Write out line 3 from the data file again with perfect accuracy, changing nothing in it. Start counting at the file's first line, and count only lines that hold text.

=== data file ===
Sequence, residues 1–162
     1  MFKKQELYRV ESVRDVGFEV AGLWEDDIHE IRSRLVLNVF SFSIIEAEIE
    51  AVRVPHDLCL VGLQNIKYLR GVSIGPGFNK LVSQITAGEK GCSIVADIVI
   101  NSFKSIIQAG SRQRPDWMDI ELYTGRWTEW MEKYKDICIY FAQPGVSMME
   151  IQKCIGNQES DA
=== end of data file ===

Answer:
    51  AVRVPHDLCL VGLQNIKYLR GVSIGPGFNK LVSQITAGEK GCSIVADIVI